Six out of 10 museums now fear for their survival – but there have been surprising positives

The budget lifeline is welcome. But, as museums endure their worst crisis since the war, they have still been at the forefront of Covid support, with hard-hitting shows, doorstep storytelling and using this chance to rethink their roles

By Sharon Heal, director of the Museums Association

“Just as museums made the best of a bad situation during the war, there have been some surprising positives among the many difficulties of the Covid crisis. In particular, I have been struck by the way museums have been at the forefront of supporting local communities with education, entertainment and practical help during lockdowns. From interactive online sessions, to festivals, podcasts and gaming, museums have engaged, innovated and entertained.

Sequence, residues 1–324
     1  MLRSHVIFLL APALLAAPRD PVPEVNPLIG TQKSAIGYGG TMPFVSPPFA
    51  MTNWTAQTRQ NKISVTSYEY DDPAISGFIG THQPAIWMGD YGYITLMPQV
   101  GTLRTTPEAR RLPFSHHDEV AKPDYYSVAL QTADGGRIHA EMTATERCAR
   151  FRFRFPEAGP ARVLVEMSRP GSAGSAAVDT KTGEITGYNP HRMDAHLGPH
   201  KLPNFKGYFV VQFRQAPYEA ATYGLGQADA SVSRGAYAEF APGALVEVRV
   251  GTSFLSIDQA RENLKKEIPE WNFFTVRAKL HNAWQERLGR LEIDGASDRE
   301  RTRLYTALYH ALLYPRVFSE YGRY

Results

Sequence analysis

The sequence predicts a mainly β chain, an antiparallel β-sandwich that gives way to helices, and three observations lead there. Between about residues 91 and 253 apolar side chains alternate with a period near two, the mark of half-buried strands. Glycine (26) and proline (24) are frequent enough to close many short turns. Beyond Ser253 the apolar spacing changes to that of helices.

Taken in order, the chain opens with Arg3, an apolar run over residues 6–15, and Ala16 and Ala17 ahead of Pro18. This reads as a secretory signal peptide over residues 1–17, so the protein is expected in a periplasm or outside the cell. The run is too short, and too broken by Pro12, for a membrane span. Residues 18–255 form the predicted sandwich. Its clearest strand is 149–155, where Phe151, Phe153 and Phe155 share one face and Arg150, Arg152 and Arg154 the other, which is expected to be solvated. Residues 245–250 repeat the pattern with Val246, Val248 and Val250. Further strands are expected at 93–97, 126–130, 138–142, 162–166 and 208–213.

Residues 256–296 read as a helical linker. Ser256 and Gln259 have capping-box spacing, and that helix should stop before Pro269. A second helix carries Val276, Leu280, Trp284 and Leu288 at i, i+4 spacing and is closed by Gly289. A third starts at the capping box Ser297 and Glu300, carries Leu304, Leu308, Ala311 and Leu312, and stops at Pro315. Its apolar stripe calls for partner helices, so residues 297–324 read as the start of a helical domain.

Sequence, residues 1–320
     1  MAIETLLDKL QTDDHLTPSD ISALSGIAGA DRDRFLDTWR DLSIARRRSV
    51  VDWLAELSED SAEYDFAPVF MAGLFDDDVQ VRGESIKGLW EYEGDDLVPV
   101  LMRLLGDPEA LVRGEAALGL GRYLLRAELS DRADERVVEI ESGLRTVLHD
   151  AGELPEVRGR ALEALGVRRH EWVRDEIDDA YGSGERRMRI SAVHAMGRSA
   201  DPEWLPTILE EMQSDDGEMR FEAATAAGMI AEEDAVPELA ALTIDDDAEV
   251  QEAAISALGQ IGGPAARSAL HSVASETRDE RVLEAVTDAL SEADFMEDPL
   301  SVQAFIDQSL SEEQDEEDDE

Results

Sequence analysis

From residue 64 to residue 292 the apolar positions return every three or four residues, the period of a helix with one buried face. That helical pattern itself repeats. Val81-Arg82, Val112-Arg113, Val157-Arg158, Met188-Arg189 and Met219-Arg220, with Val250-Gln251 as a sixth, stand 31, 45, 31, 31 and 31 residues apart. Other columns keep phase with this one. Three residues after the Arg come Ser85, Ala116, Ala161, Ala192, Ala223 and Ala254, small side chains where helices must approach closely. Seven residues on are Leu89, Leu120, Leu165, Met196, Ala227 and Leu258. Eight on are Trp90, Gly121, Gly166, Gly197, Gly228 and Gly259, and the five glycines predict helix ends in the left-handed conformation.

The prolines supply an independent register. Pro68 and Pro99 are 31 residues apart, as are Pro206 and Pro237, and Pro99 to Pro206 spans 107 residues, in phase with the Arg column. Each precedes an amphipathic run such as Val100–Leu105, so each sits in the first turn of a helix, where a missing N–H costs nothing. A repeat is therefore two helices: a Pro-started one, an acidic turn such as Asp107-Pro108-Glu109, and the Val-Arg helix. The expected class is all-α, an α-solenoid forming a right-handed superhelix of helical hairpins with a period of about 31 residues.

They have also recognised that not every family has digital access: the Seven Stories National Centre for Children’s Books (winner of the Museums Change Lives award) has delivered hundreds of meals and books, as well as reading doorstep stories with its local community in Byker. Recently, some museums have even become vaccination centres, such as the Thackray Museum of Medicine in Leeds. Museums are also continuing much of their normal work on collections – including gathering objects and stories concerning the Covid crisis so that current and future generations will be able to understand and learn from this time.”

Source: The Guardian News & Media